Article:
Nathan Cullen’s potty mouth landed him a scolding in the House of Commons Thursday as he tried to creatively express his dissatisfaction with the Liberal government’s solution to so-called “cash-for-access” fundraisers.
The veteran New Democrat rose in question period to charge that Liberals have “conveniently managed to miss the entire point” of the controversy that erupted last year over the private fundraisers headlined by Prime Minister Justin Trudeau and other key ministers.
“They keep polishing that turd but it’s still a turd somehow,” the B.C. MP said, adding a hand gesture for good measure.
Opposition MPs argued months ago that such events gave wealthy donors preferential access to Trudeau’s inner circle.
Trudeau admitted that he had been lobbied about government business at such gatherings.
In January, the Liberals promised new legislation was coming to increase transparency for events featuring the prime minister, ministers, party leaders, and leadership contenders. In the meantime, Liberals are announcing in advance when Trudeau or other ministers hold fundraisers — which must be done in public spaces — and are pledging to release the guest lists. Media can also tag along.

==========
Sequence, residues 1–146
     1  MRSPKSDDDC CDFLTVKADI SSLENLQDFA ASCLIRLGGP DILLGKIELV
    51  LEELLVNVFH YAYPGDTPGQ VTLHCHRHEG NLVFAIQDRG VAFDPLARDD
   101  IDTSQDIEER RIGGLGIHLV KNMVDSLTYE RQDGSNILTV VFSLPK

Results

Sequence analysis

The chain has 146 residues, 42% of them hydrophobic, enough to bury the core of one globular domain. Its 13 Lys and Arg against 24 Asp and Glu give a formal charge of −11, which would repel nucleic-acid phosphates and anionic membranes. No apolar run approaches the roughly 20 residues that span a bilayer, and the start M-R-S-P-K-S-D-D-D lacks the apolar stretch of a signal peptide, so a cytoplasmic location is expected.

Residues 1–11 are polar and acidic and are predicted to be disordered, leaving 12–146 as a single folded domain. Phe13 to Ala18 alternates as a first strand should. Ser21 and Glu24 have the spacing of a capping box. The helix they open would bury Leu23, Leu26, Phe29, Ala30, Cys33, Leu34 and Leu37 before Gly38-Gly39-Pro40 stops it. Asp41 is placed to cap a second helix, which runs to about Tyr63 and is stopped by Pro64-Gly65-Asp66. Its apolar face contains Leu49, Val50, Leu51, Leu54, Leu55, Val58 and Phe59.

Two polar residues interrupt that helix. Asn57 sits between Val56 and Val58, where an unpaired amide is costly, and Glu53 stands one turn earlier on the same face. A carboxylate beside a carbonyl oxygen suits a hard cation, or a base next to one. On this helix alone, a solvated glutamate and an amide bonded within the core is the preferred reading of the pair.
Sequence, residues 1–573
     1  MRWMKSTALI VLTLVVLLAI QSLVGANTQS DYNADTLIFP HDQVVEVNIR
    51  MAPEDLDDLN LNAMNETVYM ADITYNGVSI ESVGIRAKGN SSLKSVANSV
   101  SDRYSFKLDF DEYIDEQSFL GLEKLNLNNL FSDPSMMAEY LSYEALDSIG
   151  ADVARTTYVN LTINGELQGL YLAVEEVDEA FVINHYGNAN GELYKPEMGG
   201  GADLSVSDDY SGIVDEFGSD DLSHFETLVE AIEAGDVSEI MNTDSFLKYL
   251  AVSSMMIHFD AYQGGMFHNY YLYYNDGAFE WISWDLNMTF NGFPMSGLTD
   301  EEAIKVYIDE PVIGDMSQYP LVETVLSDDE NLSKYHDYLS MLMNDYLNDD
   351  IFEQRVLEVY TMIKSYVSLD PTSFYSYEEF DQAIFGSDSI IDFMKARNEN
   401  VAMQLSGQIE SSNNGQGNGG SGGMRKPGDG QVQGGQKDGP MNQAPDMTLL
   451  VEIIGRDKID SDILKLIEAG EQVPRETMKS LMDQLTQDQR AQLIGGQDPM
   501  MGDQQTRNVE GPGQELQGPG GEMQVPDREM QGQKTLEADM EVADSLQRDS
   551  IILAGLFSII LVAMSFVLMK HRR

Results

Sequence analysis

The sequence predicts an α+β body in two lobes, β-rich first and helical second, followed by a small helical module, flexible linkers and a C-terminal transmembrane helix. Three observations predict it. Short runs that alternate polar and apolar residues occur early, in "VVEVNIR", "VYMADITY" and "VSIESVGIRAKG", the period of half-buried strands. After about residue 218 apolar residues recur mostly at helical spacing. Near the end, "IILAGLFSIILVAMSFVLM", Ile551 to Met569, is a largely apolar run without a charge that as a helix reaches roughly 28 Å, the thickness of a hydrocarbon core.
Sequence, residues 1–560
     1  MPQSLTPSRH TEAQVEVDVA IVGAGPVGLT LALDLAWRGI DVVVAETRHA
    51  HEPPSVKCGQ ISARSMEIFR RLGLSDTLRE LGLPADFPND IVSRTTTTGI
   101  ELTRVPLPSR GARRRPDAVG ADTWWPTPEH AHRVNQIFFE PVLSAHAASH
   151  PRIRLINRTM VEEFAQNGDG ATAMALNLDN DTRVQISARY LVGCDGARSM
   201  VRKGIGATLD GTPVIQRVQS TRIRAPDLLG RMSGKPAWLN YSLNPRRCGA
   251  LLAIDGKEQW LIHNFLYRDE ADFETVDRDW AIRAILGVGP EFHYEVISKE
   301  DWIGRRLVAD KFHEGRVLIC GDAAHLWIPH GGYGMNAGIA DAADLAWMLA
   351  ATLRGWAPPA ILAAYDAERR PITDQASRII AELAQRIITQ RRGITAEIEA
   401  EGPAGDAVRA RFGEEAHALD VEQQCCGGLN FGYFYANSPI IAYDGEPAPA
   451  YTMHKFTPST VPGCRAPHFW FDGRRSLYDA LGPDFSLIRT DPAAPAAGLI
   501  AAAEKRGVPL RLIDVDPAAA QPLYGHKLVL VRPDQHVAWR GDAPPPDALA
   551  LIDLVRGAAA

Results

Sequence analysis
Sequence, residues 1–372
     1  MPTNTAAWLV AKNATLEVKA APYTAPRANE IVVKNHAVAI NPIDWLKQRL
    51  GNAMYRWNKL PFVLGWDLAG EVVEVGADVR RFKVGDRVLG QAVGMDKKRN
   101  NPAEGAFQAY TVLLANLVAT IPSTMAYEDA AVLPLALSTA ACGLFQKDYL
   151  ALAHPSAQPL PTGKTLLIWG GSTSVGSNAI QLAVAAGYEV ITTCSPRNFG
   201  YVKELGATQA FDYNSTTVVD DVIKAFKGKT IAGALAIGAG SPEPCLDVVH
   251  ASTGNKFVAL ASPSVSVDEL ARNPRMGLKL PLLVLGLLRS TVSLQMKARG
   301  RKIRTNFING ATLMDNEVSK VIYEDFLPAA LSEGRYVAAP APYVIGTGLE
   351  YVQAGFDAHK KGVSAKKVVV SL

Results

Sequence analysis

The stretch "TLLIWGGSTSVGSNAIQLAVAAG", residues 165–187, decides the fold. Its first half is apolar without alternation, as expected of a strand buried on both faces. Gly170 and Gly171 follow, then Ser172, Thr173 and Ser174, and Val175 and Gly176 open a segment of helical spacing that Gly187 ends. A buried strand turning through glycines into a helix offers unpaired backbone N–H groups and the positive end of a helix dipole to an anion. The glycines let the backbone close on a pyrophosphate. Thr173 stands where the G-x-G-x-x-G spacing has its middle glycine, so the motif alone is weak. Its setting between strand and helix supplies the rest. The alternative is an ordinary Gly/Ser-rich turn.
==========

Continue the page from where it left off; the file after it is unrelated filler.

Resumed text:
But Cullen, who serves as his party’s ethics critic, was cut off by House Speaker Geoff Regan as he tried to make his point that the new approach still provides the “same access to the prime minister and his cabinet” as the old one.
Taking exception to the turd quip, Regan encouraged members to be “cautious and appropriate” with their language in the Commons.
“Call ‘em like you see it, Mr. Speaker,” Cullen said with a smile.
'Canadians see through this'
Though the remark yielded some laughter, Cullen was stripped of his question.
Quebec MP Alexandre Boulerice was up next to point out that Trudeau will be featured at a fundraiser in Montreal Thursday night with “generous Liberal party donors.” He suggested it was “hocus pocus” to pretend it wasn’t privileged access.
“Honestly, do they realize Canadians see through this?” Boulerice asked.
Democratic Institutions Minister Karina Gould said the government is taking “concrete steps” to be more open and noted legislation is coming on fundraisers.
“It’s always possible to raise the bar and we will continue to make the government more transparent,” Gould replied.
The Canadian Press reports that registered lobbyists had paid to attend the event Trudeau is holding at the Museum of Fine Arts, but were told by the Liberal party that they could not attend. Tickets to rub shoulders with Trudeau cost $250.
With files from The Canadian Press